If your business is in its infancy and just being formed, it may be considered to HMRC as not active for the purposes of Corporation Tax. Despite this your business may still be carrying out pre-trading activities, such as incurring pre-trading expenditure in the set up of your business.

These pre-trading activities are often not deemed as active by HMRC.

Expenditure or activities that HMRC do not deem as trading, or active, for the purposes of Corporation Tax, also include:

  • The negotiation of contracts or the writing of a business plan or other such preliminary activities.
  • Some preliminary expenditures, for example spending whilst determining whether or not to set up the company or business.

When your organisation was previously trading yet is no longer trading.

If your business is currently not conducting any business activity then it is HMRC will normally considered it as a dormant business.

In the event that your business is a company then you must inform Companies House that it is dormant yourself.

What does it mean if my company is ‘dormant’ for Corporation Tax?

Companies House and HMRC will use the term ‘dormant’ to describe an organisation or company that is no longer active, carrying out business activity or trading.

However Companies House and HMRC apply the term ‘dormant’ to a company or organisation in different ways.

For the purposes of Corporation Tax, HMRC will view a company as dormant if said company os not active, if the company is not within the charge of Corporation Tax, or does not have not pay Corporation Tax.

Some examples of what a dormant company might be are as follow:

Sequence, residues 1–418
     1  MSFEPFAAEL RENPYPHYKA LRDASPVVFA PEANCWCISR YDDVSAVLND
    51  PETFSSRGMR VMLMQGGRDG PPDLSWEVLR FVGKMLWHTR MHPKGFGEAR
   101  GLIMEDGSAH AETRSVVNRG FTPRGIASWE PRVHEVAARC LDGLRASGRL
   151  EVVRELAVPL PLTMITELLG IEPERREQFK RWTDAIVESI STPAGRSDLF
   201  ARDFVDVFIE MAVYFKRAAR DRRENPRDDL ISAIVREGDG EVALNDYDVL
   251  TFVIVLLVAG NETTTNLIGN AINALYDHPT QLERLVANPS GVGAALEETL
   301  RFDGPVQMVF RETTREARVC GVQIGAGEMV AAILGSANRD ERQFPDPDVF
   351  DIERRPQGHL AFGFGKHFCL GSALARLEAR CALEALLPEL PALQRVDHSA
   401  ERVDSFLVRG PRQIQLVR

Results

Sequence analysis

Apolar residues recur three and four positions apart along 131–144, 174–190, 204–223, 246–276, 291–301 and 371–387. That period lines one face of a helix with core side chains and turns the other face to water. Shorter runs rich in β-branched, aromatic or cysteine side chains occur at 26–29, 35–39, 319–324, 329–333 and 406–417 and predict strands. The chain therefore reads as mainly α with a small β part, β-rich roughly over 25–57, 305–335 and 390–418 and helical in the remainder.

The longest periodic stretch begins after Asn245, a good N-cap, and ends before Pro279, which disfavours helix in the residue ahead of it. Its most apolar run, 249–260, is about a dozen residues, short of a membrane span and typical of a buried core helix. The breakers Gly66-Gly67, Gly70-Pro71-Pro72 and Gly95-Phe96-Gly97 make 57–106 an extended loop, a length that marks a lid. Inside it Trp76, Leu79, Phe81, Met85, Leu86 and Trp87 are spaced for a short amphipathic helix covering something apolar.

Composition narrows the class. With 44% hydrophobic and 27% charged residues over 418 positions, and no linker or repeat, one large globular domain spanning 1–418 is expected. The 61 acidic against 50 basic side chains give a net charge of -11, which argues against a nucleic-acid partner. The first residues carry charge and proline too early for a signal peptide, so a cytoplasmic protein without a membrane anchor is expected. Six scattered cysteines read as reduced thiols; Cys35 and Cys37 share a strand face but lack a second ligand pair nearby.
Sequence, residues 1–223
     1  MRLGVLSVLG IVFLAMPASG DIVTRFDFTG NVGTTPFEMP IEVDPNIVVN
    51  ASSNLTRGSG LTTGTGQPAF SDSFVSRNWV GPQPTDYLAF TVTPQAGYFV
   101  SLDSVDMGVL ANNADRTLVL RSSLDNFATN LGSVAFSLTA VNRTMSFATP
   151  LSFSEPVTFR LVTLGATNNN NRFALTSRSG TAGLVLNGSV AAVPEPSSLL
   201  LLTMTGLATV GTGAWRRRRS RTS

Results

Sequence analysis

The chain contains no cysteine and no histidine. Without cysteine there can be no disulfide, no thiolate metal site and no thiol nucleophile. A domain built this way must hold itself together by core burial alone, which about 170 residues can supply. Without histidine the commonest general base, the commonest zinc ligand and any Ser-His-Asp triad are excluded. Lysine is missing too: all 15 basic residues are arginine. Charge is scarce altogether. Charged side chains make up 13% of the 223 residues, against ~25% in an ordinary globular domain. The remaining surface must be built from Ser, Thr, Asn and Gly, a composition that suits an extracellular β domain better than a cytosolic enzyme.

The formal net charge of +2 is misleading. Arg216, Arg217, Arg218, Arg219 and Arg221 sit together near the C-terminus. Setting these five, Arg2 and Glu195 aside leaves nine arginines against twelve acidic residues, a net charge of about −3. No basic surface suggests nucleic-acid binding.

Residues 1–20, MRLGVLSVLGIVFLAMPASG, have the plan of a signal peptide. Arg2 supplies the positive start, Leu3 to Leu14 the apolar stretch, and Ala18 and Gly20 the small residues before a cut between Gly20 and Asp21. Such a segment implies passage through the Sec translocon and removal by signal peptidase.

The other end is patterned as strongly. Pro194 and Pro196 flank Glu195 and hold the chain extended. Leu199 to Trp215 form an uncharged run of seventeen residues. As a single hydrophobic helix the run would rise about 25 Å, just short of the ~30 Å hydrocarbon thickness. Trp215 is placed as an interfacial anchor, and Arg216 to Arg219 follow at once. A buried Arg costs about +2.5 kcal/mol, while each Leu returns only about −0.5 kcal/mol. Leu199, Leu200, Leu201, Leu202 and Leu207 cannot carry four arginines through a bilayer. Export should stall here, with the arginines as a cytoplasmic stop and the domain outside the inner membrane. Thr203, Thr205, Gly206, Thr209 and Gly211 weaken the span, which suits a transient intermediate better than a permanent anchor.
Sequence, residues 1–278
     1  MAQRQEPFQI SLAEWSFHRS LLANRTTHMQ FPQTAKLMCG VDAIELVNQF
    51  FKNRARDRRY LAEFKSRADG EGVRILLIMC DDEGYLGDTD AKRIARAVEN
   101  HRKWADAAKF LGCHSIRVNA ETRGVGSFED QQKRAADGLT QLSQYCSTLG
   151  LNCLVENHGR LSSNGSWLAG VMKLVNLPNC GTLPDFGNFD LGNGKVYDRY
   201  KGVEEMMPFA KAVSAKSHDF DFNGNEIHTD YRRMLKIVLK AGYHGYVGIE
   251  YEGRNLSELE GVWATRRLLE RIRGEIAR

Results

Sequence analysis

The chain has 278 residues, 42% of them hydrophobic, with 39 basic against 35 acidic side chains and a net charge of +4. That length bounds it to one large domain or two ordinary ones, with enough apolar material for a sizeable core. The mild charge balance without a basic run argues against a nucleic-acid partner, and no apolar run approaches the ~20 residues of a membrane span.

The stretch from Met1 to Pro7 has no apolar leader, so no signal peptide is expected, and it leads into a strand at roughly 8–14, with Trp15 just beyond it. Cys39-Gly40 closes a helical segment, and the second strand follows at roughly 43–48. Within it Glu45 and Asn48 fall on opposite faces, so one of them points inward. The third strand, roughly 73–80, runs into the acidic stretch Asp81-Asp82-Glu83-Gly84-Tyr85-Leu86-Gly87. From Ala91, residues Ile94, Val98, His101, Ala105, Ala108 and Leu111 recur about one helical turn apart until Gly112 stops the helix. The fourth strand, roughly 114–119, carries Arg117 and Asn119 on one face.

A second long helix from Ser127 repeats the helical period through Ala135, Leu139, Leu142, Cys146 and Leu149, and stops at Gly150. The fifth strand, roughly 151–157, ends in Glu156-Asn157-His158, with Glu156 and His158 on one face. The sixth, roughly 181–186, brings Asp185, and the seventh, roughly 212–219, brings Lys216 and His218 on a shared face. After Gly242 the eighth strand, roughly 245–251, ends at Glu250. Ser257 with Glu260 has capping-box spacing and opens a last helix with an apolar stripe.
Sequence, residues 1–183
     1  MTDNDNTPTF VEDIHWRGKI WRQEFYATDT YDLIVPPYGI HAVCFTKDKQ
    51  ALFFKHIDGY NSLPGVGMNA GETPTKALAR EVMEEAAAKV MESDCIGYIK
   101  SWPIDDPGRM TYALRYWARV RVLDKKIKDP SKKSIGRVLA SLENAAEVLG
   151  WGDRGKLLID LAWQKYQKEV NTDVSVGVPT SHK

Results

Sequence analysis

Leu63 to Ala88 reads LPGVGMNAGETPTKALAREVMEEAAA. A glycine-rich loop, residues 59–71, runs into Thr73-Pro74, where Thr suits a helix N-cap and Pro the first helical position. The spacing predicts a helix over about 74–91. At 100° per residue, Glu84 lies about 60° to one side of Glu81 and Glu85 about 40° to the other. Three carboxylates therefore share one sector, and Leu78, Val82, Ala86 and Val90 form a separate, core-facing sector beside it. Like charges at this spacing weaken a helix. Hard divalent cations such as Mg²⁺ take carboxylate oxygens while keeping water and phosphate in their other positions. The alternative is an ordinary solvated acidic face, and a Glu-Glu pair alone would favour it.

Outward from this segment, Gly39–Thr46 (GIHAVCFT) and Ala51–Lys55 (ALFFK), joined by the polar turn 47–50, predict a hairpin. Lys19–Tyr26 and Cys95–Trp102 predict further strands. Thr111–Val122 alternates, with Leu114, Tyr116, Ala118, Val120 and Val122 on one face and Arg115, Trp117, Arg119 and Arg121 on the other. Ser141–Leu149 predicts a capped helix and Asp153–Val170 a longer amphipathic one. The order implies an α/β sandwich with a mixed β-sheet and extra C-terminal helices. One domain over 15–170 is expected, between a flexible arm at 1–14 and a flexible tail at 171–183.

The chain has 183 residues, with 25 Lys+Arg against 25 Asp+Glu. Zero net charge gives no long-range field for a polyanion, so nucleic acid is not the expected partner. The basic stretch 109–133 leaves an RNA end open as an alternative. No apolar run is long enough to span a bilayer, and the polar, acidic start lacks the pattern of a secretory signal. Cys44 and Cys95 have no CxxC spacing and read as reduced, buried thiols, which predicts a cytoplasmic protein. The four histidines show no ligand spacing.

• A company that is still being set up and is not yet trading.
  • A ‘shell’ or ‘off the shelf’ company that is currently being held by a company formation agent with the intention of selling the ‘shell’ or ‘off the shelf company’.
  • A company that was previously, but is no longer, trading.
  • A company that is set to be removed from the Companies Register at Companies House as it is no longer trading.

When does HMRC treat an unincorporated organisation or club as dormant?

Your unincorporated organisation or company may be treated as dormant by HMRC for the purposes of Corporation Tax if it is currently active yet also meets the two following conditions:

  • The expected liability for your annual Corporation Tax is not expected to be in excess of £100.
  • If the organisation is run for the benefit of its’ members exclusively.

For every year your company is dormant you company can not have:

  • Accrued any losses from allowable trading losses that it may wish to claim tax relief on.
  • Any asset it is likely going to sell off, which would give your organisation a chargeable gain.
  • Any annual payments or interest which needs to be paid out from which tax can be deducted and paid to HMRC.

In the event that your organisation satisfies the above criteria it is likely that HMRC will contact you, with the proposition that you make your company dormant.

In the event that this happens you will receive a ‘Notice to deliver a Company Tax Return’, this will be reviewed, usually every 5 years at least.

This treatment may also be applied by HMRC for your flat management company.

However, your organisation will not be treated as dormant by HMRC if it is a:

  • Club that is privately owned, or run by its members for profit or as a commercial enterprise.
  • If, as explained by the Housing Act 1986, you are a registered social landlord or a housing association.
  • If you are a trade association.
  • If you are a thrift fund.
  • If it is a holiday club.
  • If it is a friendly society.
  • If it is a charity that is a subsidiary of, or completely owns the company.

I need help with my Corporation Tax, what do I do now?

Often it is best to seek professional assistance when dealing with corporation tax, because any error or lateness in payment, or indeed in the appropriate paperwork, can result in large fines by HMRC.

If you feel you need some assistance, why not contact our professional, expert and friendly accountants today to see what they can do to help.

Corporation Tax Frequently Asked Questions

What is VAT?

VAT means Value Added Tax, and it is a tax on consumption. If you sell good s or services VAT must be applied, included in your price, and sent to HMRC.

When do I need to register for VAT?

Your business must register for VAT once it's turnover is at or exceeds £85,000 a year.